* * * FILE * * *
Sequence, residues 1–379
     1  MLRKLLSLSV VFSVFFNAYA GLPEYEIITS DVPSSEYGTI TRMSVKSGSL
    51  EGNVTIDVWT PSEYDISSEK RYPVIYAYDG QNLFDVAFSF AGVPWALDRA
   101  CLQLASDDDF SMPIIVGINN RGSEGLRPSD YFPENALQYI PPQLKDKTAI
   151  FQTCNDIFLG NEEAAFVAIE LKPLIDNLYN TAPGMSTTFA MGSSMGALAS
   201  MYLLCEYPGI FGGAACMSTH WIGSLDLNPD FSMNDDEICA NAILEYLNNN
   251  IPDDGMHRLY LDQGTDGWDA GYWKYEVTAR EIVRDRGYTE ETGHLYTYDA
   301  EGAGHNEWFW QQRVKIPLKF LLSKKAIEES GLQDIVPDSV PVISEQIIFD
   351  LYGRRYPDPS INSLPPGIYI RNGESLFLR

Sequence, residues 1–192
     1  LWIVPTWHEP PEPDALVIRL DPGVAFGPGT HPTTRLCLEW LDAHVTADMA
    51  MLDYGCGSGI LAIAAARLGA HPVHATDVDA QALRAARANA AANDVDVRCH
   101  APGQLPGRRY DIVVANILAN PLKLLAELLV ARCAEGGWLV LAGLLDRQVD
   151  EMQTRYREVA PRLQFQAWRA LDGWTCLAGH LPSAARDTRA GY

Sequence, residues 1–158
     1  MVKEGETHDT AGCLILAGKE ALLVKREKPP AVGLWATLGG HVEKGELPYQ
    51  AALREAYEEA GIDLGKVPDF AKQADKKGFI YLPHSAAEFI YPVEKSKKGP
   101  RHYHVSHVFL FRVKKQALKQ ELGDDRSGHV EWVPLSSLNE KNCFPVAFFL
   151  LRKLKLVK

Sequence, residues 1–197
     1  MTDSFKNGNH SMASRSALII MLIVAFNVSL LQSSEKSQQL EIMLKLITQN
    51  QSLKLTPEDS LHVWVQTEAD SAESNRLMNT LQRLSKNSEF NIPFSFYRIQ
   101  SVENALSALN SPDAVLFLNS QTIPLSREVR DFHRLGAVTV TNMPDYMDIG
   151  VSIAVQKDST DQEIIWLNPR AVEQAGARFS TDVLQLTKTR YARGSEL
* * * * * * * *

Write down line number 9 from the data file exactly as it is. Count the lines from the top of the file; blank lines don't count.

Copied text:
   351  LYGRRYPDPS INSLPPGIYI RNGESLFLR